Spain’s PLD Space launched its recoverable Miura-1 rocket from a site in southwest Spain early on Saturday. It carried out Europe’s first fully private rocket launch in a glimmer of hope for the region’s stalled space ambitions. The startup’s test night-time launch from Huelva came after two previous attempts were scrubbed. The Miura-1 rocket, named after a breed of fighting bull, is as tall as a three-story building and has a 100-kg (220-pound) cargo capacity. The company says its first flight carried a payload for test purposes, but it would not release details of the experiment.
The test was a significant milestone for the Elche-based startup, established in 2012 to boost access to space. The company’s founders, CEO Raul Torres, and engineering director Raul Verdu, say they want to build Europes first micro-launcher service to orbit small satellites. A consortium of private investors backs the firm.
PLD Spaces mission control video showed engineers cheering and congratulating each other as the rocket reached its peak altitude of 46 kilometers (27 miles) over the Atlantic Ocean. The mission lasted just over half an hour before the rocket dropped its parachute into the ocean and slowed to a stop in the Atlantic. The rocket will be recovered later in the day from the Atlantic, the company said. It will then be transported to Teruel in eastern Spain for a thorough analysis, after which its components can be salvaged and rebuilt for future launches.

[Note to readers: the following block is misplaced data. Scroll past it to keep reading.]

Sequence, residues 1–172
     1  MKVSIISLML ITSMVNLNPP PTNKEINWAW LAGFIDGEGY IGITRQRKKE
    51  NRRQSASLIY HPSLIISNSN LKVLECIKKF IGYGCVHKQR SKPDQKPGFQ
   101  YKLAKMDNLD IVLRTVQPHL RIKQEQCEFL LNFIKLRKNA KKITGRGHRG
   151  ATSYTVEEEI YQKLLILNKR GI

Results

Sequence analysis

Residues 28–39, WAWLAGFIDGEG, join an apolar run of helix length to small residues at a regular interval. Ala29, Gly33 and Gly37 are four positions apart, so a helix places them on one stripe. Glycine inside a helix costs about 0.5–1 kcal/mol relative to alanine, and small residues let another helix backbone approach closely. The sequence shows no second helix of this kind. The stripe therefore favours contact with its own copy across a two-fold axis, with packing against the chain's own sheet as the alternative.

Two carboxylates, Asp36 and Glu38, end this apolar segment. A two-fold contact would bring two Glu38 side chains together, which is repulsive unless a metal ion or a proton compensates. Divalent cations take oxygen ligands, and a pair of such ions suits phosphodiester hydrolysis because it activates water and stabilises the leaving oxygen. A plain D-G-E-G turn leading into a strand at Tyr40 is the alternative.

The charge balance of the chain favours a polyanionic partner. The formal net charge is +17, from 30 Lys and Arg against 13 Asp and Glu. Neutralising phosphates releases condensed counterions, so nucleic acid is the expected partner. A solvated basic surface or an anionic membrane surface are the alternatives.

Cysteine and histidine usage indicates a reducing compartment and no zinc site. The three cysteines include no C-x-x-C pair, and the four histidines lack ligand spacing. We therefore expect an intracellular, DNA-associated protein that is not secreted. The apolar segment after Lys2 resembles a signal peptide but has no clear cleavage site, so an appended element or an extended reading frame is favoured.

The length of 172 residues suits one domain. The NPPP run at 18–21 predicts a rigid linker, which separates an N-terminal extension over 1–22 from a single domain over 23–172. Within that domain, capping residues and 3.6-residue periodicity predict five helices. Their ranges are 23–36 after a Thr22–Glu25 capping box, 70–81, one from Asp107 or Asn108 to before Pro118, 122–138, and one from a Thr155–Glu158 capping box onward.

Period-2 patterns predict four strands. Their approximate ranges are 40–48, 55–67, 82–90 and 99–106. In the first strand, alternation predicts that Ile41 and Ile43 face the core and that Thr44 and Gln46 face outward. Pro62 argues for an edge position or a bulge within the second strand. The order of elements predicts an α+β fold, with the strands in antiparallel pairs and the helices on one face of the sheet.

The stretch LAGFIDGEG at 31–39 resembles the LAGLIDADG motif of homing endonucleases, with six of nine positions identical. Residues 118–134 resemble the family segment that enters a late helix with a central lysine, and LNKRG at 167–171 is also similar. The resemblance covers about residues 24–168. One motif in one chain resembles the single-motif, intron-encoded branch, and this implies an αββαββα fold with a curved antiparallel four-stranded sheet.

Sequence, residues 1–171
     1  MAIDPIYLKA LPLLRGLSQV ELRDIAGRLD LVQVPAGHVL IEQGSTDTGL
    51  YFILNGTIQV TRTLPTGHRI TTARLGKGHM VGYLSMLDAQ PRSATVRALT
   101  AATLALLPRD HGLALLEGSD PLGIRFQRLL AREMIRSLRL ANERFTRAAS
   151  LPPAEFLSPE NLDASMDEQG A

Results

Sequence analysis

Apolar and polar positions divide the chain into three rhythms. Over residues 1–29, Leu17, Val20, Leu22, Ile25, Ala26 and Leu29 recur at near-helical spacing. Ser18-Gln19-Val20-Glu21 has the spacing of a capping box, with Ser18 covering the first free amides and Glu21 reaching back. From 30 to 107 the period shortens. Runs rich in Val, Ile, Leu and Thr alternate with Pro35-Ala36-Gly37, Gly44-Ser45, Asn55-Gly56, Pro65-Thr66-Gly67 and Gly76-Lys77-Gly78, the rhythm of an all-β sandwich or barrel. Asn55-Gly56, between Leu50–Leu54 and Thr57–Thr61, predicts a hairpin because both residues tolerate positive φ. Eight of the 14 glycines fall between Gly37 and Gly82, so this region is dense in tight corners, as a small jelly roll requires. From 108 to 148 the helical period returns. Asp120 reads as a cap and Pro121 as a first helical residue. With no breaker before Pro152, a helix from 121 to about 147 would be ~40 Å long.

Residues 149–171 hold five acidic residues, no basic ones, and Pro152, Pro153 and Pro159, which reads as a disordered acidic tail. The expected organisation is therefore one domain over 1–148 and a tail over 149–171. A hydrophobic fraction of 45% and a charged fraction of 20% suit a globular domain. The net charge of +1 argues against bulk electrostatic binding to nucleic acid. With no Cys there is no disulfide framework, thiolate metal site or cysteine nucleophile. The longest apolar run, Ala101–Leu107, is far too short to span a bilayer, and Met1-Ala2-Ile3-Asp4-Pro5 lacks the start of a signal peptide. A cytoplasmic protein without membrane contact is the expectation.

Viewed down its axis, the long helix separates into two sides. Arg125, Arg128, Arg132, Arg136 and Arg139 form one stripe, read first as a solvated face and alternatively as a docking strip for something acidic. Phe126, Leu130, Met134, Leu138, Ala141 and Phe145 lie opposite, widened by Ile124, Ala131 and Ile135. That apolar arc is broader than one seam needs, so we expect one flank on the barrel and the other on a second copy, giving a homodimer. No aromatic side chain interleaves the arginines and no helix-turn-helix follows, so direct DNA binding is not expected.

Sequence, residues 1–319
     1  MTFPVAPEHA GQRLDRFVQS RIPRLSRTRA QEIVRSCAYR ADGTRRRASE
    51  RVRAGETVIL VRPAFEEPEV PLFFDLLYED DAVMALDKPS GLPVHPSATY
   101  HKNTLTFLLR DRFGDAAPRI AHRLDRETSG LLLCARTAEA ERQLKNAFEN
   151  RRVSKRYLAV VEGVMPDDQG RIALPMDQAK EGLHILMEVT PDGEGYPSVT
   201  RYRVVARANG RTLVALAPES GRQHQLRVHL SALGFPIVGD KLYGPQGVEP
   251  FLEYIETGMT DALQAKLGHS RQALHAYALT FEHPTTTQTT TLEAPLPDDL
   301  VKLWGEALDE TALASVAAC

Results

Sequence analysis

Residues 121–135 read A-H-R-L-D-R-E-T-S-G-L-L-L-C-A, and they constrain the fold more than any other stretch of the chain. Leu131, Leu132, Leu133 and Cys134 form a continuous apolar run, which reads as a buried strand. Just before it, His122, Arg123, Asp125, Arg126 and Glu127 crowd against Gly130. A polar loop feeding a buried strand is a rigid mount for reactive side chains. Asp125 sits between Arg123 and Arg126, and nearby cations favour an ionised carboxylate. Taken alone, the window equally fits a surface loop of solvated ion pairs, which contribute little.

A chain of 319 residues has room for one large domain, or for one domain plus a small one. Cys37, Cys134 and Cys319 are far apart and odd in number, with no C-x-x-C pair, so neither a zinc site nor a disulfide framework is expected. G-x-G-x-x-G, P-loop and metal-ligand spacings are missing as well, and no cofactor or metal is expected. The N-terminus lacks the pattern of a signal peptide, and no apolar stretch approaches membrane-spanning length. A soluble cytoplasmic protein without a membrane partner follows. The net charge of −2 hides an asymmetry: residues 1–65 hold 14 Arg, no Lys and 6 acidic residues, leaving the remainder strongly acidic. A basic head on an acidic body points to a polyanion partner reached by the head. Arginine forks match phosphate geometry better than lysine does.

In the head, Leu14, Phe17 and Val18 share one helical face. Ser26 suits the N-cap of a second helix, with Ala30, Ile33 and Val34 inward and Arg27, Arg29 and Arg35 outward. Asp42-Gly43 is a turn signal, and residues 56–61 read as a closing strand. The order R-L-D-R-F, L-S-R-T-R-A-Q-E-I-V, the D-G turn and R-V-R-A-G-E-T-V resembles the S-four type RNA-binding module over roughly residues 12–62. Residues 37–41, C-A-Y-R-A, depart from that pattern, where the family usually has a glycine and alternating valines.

While PLD Spaces’ first flight fell short of the rocket’s intended altitude, its success has positioned the startup as one of a handful of companies worldwide capable of delivering small satellites into orbit regularly. The firm also has the technology to make its vehicles reusable, and it plans to begin testing that on the next stage of its Miura series — the Miura 5 suborbital micro launcher, which is due to fly in 2025 from French Guiana.
The reusable system will allow the company to fly multiple times with the same rocket, saving time and money. It will use a particular engine called the TEPREL-B, which will be tested on its upcoming flights. Torres and his team have already completed several tests with the engine, including a successful 122-second burn.
The company says it will take about a year to develop its next vehicle, which will be able to reach an orbit of more than 600 kilometers (400 miles) and could carry commercial satellites for global communications, navigation, and search and rescue. The project could lead to new jobs for the company, which has a workforce of about 30. It hopes to hire an additional 80 people by the end of the year. Its first customers are expected to include private and academic institutions. The company expects to be licensed for commercial operations in 2025.